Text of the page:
Encyclopedia of Vampire Mythology

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ALP

(ALP)
Variations: Alb, Alf, ALFEMOE, Alpdaemon, Alpen, Alpes, Alpmann, APSARAS, BOCKSHEXE, BOCKSMARTE, Cauquemare, Chauche Vieille, Dochje, DOCKELE, Dockeli, Doggi, Druckerl, DRUDE, Drut, Drutt, ELBE, Fraueli, Inuus, LEETON, Lork, Maar, MAHR, Mahrt, Mahrte, Mar, MARA, Mare, M?RT, Moor, Mora, Morous, Mura, Murawa, Nachtmaennli, Nachtmahr, Nachtmanndli, Nachtm?nnlein, Nachtmerrie, Nachtschwalbe, Nachttoter, Nielop, Nightmare, Night Terror, Old Hag, Quauquemaire, Racking One, R?tzel, Schr?tlein, Schr?ttel, Schr?ttele, Schr?tteli, Schrattl, Schrettele, Schr?tle, Schr?tlein, Schrsttel, Stampare, Stampen, Stampfen, Stempe, Sukkubus, Toggeli, Trampling, Trempe, Trud, Trude, Trutte, Tryd, Tudd, Vampyr, Walrider, Walriderske, Wichtel, and numerous others through history and geographic region
Originating from Germany, this vampiric demon does not have a single true form. Throughout the ages the only consistency in its description is that it wears a white hat. Generally the alp is male, and although there are a scant few reports of it being female, it should be noted that this creature has exceptional shapeshifting abilities. An alp can assume the form of any animal it pleases, but it prefers that of birds, cats, demon dogs, dogs, pigs, and snakes. It is very strong, can become invisible, can fly, and has the unique ability to spit butterflies and moths from its mouth. Because of its shape-shifting ability, the alp has been linked to werewolf lore in the Cologne, Germany, region (see GERMAN VAMPIRES).
Typically a demon is an infernal, immortal being that was never human, but this is not the case for the lecherous and ravenous alp. In fact, it became what it is through one of a few fairly mundane acts, such as when a newborn male child dies, when a child whose mother went through a particularly long and painful childbirth dies, or when a family member dies and his spirit simply just returns with no further explanation added.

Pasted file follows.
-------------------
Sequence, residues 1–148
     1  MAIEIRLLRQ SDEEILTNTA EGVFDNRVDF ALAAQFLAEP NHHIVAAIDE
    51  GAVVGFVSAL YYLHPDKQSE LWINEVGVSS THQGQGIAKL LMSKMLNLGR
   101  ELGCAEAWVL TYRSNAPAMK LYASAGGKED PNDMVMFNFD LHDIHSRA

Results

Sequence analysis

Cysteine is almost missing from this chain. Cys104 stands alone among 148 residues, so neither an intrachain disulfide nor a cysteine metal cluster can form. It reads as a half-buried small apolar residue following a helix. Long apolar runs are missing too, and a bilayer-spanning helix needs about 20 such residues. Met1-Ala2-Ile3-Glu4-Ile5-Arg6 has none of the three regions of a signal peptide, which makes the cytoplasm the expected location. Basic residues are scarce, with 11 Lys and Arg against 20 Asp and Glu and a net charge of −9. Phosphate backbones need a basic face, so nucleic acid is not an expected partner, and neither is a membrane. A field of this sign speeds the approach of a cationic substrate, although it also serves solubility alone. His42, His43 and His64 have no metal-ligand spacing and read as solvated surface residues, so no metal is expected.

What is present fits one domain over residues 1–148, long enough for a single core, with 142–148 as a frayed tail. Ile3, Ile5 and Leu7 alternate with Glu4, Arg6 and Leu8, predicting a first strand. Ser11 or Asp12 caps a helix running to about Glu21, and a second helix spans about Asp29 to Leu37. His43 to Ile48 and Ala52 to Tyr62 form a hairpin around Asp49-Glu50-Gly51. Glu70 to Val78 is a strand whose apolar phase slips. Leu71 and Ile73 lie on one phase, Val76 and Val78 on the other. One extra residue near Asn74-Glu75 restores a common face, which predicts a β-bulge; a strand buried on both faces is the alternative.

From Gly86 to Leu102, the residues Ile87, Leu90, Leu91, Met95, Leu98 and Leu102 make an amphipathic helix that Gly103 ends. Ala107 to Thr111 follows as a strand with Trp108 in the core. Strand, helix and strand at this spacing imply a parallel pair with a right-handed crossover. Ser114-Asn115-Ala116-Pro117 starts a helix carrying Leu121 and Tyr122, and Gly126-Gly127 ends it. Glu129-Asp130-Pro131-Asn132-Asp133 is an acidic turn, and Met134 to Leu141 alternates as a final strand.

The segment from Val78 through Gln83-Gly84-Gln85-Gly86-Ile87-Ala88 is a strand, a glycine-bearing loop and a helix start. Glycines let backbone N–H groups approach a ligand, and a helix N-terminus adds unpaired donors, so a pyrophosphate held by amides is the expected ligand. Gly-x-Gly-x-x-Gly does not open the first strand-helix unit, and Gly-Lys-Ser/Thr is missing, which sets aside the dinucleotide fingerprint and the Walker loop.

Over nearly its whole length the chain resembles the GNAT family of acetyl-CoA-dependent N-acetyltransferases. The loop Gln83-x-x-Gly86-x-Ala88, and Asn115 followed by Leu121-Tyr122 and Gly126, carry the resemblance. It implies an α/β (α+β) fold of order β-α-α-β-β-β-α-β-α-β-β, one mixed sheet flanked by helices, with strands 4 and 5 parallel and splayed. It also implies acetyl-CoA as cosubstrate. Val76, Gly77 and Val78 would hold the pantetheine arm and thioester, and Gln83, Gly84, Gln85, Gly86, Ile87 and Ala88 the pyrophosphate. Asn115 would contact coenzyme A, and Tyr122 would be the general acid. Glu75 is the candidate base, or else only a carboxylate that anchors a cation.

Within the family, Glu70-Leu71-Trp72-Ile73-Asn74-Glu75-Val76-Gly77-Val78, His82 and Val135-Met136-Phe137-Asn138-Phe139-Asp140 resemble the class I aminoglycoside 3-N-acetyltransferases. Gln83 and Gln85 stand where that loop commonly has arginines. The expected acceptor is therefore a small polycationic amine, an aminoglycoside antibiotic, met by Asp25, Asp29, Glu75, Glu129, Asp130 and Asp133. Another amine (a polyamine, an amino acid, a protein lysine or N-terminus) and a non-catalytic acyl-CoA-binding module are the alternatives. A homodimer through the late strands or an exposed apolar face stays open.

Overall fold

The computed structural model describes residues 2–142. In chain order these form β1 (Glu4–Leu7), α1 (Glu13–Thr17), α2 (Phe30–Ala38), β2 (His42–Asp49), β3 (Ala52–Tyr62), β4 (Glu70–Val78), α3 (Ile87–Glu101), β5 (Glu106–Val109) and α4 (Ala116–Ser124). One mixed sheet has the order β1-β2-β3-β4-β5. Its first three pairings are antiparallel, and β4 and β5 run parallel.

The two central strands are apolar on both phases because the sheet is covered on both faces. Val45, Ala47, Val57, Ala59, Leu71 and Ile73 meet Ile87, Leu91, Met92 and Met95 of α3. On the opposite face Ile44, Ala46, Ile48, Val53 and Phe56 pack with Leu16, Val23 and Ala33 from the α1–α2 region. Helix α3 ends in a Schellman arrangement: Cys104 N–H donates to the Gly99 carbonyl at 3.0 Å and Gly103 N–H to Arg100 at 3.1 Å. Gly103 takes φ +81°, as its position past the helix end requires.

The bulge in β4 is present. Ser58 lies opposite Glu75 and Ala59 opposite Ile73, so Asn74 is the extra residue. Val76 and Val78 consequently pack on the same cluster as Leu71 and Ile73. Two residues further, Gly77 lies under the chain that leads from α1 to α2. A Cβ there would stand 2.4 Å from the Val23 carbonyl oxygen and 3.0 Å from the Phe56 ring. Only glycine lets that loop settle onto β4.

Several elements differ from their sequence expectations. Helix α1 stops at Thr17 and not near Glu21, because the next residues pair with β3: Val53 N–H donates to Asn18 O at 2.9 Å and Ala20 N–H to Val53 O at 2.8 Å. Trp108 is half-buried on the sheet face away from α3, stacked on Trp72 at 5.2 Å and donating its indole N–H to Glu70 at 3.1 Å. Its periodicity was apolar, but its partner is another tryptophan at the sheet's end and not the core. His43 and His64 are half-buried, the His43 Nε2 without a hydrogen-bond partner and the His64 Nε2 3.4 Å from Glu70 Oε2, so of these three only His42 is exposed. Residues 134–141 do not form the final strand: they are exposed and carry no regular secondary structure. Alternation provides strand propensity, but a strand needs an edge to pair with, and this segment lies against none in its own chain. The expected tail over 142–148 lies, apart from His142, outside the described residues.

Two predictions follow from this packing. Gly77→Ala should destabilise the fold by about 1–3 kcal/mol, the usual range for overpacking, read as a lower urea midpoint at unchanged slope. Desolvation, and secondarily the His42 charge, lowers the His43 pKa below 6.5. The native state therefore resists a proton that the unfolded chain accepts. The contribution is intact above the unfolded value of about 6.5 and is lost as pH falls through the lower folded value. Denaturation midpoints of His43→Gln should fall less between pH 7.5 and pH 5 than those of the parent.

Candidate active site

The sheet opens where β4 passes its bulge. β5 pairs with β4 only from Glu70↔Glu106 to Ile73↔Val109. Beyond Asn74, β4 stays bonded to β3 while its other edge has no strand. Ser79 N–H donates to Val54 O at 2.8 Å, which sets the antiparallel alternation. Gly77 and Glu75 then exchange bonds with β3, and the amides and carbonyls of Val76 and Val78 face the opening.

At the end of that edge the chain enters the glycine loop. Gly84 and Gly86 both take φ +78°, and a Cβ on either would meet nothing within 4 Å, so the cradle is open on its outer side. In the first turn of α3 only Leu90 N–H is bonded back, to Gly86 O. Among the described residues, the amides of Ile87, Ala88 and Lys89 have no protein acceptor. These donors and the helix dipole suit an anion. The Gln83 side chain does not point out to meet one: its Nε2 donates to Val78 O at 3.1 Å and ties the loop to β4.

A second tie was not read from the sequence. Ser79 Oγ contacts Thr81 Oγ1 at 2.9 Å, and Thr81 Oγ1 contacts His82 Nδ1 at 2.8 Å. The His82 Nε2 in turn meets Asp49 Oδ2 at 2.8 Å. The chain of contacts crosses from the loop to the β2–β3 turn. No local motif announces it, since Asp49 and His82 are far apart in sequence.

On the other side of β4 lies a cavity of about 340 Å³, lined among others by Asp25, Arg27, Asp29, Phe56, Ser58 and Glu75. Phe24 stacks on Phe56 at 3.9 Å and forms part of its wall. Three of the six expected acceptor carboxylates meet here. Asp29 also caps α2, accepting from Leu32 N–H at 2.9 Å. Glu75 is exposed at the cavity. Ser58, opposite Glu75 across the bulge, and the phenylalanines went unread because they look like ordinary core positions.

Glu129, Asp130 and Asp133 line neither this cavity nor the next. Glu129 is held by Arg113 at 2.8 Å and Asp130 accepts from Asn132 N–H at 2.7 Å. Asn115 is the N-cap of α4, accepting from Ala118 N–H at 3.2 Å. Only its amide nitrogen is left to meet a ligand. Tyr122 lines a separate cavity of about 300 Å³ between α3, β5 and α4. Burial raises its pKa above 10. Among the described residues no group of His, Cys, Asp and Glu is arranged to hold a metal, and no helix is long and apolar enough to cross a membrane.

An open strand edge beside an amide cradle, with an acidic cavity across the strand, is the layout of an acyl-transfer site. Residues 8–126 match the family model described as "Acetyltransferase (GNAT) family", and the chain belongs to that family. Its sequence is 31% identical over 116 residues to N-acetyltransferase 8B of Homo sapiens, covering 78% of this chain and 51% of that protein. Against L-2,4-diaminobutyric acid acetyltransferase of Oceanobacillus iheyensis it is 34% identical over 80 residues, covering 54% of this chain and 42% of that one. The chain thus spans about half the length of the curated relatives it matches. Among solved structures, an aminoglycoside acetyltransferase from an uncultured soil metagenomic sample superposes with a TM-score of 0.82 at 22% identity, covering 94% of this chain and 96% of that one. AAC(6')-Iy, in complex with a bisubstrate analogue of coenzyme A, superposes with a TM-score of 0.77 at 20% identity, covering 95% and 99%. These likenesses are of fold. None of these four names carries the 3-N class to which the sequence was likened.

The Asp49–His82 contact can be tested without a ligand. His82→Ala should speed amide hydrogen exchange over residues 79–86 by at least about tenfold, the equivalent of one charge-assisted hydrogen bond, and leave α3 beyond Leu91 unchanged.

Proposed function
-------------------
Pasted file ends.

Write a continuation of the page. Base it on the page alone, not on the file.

At night the alp seeks out its most common prey, a sleeping woman, although it has been known to occasionally attack men and young boys, as well as cattle, geese, horses, and rabbits. Once the prey is selected, the alp shape-shifts into mist and slips into the person's home completely undetected. Next, it sits upon the victim's chest and compresses the air out of their lungs so that they cannot scream. Then the alp will drink blood (and milk if the victim is a woman who is lactating), which will cause her to have both horrible nightmares and erotic dreams. The next day the victim will have vivid memories of the attack and be left feeling drained of energy and miserable. The attack event in its entirety is called an alpdr?cke. It is interesting to note that if a woman calls an alp to her, then the creature will be a gentle lover with her.
The alp, when it attacks a horse, is usually referred to as a mare. It will mount up and ride the animal to death. The alp, however, may also choose to crush the animal instead, as it is known to do when it crushes geese and rabbits to death in their pens. When an alp crushes cattle to death, it is called a schrattl attack.
Fortunately, as powerful as the alp is, its attacks can be fairly easily thwarted. To protect horses and cattle from being ridden and/or crushed to death, simply hang a pair of crossed measuring sticks in the barn or place a broom in the animal's stall.